RADIATION ACCIDENT

Second JCO Tokai worker dies

Shinohara, 40, an employee at JCO Co.’s uranium-processing plant in Tokai, Ibaraki Prefecture, where the criticality accident occurred on Sept. 30, died at 7:25 a.m., doctors said.

Hisashi Ouchi, 35, another worker at the JCO plant exposed to a massive dose of radiation in the same accident, died Dec. 21 from multiple organ failure at the same hospital.

Doctors said Shinohara’s condition deteriorated earlier this week when his organs, including his lungs and kidneys, started to malfunction.

Shinohara was put on a respirator in late February when pneumonia coupled with radiation damage to his respiratory system left him unable to breathe. Doctors then placed him on a dialysis machine in mid-April when his kidneys failed.

Shinohara was exposed to an estimated 10 sieverts of radiation, about 10,000 times the maximum annual permissible exposure in Japan for people not working in nuclear or related facilities.

He and Ouchi reportedly sidestepped safety procedures and used a bucket to pour too much uranium into a processing tank, triggering a self-sustaining nuclear chain reaction.

Their supervisor, Yutaka Yokokawa, 55, who was in a room adjacent to where the two were working, was discharged from a hospital in December.

After the accident, Shinohara was first taken to the hospital of the National Institute of Radiological Sciences in Chiba but was later transferred to the University of Tokyo’s Institute of Medical Science in Minato Ward, Tokyo. ,soon afterward.

On Oct. 9, he underwent the world’s first transfusion of umbilical cord blood for someone suffering from radiation exposure, in an attempt to restore the blood-producing functions that had been damaged by the radiation. Umbilical cord blood contains stem cells that produce blood cells.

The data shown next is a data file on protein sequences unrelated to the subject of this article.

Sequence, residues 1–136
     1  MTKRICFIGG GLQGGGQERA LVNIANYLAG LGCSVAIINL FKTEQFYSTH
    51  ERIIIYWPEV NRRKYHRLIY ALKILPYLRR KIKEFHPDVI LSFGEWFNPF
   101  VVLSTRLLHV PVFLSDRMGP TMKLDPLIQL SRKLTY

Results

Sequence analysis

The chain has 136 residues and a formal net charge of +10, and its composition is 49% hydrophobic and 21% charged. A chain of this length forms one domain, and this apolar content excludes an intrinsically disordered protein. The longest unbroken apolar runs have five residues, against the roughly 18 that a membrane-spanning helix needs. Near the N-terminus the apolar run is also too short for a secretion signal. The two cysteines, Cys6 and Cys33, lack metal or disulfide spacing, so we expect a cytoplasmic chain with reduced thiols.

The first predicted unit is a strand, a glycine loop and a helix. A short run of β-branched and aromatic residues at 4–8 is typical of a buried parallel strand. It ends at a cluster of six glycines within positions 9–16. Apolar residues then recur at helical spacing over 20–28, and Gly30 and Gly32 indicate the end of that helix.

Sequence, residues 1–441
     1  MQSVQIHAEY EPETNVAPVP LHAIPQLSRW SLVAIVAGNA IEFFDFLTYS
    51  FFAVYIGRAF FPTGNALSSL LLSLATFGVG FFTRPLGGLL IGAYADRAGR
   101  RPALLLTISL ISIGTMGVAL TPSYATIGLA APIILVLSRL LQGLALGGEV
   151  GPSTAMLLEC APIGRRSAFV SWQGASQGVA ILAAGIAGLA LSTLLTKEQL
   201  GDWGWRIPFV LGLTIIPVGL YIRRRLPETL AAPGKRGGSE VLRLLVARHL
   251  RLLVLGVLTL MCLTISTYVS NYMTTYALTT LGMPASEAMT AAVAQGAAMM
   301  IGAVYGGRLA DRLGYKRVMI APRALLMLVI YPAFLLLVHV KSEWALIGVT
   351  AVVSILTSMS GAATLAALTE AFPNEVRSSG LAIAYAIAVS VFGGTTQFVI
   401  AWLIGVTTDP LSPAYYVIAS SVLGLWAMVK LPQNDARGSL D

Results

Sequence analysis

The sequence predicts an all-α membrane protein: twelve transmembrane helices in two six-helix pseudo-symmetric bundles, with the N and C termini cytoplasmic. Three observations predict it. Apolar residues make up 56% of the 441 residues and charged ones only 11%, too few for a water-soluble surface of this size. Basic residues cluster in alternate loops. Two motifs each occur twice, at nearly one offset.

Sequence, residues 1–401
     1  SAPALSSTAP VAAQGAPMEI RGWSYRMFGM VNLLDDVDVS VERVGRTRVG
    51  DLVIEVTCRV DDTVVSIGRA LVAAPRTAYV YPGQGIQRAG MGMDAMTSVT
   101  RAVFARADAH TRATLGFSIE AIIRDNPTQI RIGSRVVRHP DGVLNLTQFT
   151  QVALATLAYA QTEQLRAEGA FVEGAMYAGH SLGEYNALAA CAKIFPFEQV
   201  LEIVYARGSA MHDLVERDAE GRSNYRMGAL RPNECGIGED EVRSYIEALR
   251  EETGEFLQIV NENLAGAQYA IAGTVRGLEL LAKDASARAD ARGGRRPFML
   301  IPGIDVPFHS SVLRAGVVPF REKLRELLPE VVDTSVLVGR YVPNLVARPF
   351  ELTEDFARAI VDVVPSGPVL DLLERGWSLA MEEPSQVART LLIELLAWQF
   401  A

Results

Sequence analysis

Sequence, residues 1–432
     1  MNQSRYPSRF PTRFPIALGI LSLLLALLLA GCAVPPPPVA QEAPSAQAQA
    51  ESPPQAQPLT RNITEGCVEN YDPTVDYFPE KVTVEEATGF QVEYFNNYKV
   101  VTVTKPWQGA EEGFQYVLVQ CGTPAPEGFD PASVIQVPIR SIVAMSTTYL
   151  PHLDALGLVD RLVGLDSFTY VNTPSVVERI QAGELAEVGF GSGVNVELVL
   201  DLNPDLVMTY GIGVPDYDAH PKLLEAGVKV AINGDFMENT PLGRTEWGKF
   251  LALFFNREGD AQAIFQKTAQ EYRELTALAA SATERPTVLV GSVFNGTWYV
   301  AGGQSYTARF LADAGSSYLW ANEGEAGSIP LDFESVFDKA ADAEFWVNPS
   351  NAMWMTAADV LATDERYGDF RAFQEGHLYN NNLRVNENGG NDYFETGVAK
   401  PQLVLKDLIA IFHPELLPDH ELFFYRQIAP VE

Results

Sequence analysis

In early February, doctors at the Minato Ward institute, where Shinohara also received several skin grafts, said he had begun sitting up in bed and moving around in a wheelchair after regaining almost full capacity to produce blood.

But his condition worsened later that month when he developed respiratory problems and began to bleed in the stomach. He was transferred April 10 to the University of Tokyo Hospital in Bunkyo Ward where he was treated in an intensive care unit.

At least 439 people, including 207 local residents, were exposed to higher-than-normal levels of radiation in the accident. Only Ouchi, Shinohara and Yokokawa required immediate, long-term hospitalization.

Police are investigating JCO and its parent company, Sumitomo Metal Mining Co., in relation to the accident.

“We will redouble efforts to strengthen safety and disaster prevention measures,” Ibaraki Gov. Masaru Hashimoto said.

Prime Minister Yoshiro Mori promised Thursday to make every effort to ensure the safety of nuclear facilities, saying Shinohara’s death was “extremely regrettable.”

Science and Technology Agency chief Hirofumi Nakasone said he is “filled with deep regret.” The government will “renew its resolve and make more of an effort than it has been to prevent such an accident from ever happening again,” he said.